The French version has been online since the beginning of this year and now it is really starting to roll. What I like about it, in addition to its Paris selection, is Sharelook's direct connections to other cities, such as Berlin, Bochum, Düsseldorf, Köln, Wien and Zürich. But Bochum? Was ist im Bochum los?

Try Sharelook and find out.

Another Correction: 'Unstable' Weather Turns Hot

Last week's moans about wearing winter clothes paid off last Thursday when the weather turned winter off and summer on in France. To show it was serious, the weather turned itself on to 'high' on Friday and kept it that way throughout the weekend. More of the same is predicted for this coming week.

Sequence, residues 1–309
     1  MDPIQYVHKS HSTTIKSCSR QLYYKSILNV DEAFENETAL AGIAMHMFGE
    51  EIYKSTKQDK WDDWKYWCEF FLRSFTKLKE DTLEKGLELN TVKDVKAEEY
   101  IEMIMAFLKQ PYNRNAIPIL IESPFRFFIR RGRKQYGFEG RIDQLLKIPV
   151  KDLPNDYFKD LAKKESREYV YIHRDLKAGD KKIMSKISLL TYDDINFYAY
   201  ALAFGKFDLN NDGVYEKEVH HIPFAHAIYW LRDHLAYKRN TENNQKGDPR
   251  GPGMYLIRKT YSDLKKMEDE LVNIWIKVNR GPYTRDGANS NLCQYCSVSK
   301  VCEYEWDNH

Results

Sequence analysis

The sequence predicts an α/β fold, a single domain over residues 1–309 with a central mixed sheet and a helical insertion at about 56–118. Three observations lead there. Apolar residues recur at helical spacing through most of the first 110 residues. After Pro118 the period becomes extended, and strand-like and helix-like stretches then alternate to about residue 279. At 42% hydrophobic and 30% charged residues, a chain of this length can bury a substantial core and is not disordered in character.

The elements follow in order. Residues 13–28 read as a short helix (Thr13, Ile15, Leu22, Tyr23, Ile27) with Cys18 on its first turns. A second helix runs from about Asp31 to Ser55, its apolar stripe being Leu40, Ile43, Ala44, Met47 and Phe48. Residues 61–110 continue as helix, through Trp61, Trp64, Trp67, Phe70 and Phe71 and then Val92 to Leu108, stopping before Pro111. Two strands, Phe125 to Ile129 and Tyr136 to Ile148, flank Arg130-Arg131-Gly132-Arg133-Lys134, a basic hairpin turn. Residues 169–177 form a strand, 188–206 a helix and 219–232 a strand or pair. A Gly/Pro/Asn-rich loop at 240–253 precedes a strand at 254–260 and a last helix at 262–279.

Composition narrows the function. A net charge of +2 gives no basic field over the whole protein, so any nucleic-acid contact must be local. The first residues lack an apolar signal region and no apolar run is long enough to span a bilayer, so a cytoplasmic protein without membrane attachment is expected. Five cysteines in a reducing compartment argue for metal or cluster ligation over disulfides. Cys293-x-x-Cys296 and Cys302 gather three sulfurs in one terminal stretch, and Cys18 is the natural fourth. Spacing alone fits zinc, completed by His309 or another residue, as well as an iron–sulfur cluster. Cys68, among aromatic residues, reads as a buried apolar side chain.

This means - tah-tah! - all readers who have been knitting me winter socks to wear in 'summer' should now stop and find something worthwhile to do. I thank you for your concern and my feet thank you too; and it does not really matter if my summer socks do not match exactly.

Metropole's World Cup Links

Since just after the beginning of the year, a few links to World Cup sites have been a weekly item near the end of the 'Au Bistro' column - sort of in the guise of 'SportsNews.' The whole chuna-bunga is now upon us, so I've moved these links to a page of their own. Doing this puts fans into a kind of a 'links ghetto,' except for one link there to an anti-World Cup Web site.

Exhibitions and Events, Which Last Nearly Forever:

Max Ernst Exhibition

Although well-known as a painter, Max Ernst was also a periodic sculptor. He seemed to do it while off on trips - to visit his pals Giacometti and Paul Eluard, or further off, on Long Island or in Arizona. The Centre Georges Pompidou is showing 110 pieces and 15 paintings at the centre itself.

Max Ernst, Galerie Sud, Centre Georges Pompidou